Communications Minister Amy Adams has today thanked telecommunications companies and their field force partners for their collaborative efforts in restoring physical infrastructure to areas badly affected by last week’s 7.8 magnitude earthquake, and returning service close to pre-quake levels.
“New Zealanders will appreciate how important communications are at a time like this as we need to know who to get to, what they need, and how to best prioritise emergency team responses,” says Ms Adams.
“As a consequence of the quakes, a key fibre backbone running along the Kaikoura coast was disrupted at multiple locations.
“Cell sites were compromised by landslides, power and link failure, or became inaccessible. A total of twenty mobile sites went down or were severely degraded, while over 1400 landline and broadband connections faulted due to power and cable disruption which impacted thousands of people.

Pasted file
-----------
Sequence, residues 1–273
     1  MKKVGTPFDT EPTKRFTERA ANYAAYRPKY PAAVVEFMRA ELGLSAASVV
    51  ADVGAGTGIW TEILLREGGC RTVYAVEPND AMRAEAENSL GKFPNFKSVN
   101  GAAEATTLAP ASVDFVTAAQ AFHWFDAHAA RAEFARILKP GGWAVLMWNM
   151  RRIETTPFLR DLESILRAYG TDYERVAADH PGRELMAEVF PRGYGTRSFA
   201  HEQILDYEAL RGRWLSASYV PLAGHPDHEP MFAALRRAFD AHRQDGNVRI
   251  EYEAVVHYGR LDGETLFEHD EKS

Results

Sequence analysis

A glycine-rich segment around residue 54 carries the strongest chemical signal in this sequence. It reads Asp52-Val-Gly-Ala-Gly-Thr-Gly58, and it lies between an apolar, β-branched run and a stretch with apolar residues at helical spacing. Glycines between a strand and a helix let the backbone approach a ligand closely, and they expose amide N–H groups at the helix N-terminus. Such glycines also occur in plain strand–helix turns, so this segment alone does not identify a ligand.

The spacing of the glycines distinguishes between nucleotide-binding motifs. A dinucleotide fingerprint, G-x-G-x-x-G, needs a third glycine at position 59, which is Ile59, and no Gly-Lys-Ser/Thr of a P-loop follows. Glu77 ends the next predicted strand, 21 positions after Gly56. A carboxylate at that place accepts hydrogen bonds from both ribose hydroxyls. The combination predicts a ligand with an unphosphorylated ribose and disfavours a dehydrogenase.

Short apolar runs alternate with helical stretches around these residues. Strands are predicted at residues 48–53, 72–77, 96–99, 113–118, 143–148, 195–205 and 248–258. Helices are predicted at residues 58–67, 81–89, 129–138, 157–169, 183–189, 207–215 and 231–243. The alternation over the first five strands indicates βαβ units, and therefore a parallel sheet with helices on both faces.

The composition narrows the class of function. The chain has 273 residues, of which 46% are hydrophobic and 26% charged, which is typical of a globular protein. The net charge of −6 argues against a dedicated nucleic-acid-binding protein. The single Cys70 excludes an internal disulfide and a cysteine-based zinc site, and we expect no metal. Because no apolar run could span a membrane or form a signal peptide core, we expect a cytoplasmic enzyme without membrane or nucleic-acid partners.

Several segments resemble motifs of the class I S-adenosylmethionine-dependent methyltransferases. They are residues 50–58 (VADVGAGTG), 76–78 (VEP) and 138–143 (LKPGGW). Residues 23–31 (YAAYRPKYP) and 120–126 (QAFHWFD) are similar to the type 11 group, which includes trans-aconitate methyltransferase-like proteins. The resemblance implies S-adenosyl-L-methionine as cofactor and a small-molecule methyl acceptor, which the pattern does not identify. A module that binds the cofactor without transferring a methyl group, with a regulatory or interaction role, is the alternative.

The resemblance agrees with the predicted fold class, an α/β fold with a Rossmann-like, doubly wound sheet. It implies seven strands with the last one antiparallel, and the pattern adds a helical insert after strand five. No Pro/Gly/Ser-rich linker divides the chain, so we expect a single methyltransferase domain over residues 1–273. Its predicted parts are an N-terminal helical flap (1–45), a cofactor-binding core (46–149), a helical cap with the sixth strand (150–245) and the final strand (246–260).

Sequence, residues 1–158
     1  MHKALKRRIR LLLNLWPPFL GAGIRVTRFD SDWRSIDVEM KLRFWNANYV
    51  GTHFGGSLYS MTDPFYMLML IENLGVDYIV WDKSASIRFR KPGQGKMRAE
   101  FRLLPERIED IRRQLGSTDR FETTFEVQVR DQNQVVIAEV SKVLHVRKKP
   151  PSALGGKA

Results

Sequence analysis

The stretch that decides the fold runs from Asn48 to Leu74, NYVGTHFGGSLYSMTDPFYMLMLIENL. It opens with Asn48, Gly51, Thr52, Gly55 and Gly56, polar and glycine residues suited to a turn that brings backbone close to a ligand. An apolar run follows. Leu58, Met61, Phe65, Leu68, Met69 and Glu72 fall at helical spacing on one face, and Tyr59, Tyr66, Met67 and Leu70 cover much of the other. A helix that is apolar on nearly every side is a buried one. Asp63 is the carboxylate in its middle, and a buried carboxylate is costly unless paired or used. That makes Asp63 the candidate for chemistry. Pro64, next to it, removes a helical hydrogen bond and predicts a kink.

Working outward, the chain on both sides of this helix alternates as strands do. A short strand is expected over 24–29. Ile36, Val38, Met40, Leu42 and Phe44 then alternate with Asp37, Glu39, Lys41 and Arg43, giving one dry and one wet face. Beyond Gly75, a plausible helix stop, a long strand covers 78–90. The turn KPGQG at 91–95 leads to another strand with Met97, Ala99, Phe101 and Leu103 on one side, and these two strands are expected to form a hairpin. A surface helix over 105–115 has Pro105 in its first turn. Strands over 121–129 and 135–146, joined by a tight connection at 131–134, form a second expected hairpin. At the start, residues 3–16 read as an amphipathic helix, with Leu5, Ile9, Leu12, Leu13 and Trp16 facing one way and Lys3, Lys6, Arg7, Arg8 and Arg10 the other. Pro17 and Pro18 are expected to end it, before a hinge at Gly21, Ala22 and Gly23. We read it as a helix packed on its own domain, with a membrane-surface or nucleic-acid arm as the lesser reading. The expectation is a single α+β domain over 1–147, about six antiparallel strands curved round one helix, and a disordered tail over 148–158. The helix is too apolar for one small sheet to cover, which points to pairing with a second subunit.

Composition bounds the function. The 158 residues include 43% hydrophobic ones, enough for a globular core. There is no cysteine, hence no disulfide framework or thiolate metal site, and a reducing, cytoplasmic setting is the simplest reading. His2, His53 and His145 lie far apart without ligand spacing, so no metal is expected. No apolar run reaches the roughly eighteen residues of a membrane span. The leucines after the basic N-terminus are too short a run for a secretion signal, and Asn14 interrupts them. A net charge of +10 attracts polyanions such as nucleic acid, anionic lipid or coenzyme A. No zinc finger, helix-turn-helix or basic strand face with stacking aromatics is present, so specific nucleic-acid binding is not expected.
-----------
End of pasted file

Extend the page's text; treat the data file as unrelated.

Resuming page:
“Working around the clock, staff from Spark, Vodafone, 2 Degrees, Chorus and other smaller operators have shared resources and assets, and employed every ounce of Kiwi spirit and ingenuity to rearrange networks and get technicians to remote sites to make these urgent repairs. We are almost back to the same levels of service pre-quake.”
Work to restore connectivity in Waiau is also complete, after a 1km fibre replacement cable was helicoptered in on Wednesday. This means Waiau residents should now have access to landline services.
“I cannot thank the businesses and individuals involved enough. From the private helicopter owners who flew technicians to remote sites, the safety specialists who advised and the logistics staff who coordinated the effort, their cooperation and dedication has delivered at a time of great stress,” says Ms Adams.
“Technicians in the field have been closely supported by design teams up and down the country who have collaborated on network rearrangements, temporary link designs and sourcing the special equipment needed to restore services.
“There have been hundreds of personnel involved in this operation and of course many of them have been missed by their own families while they have worked to restore communications. The list to thank is very long.”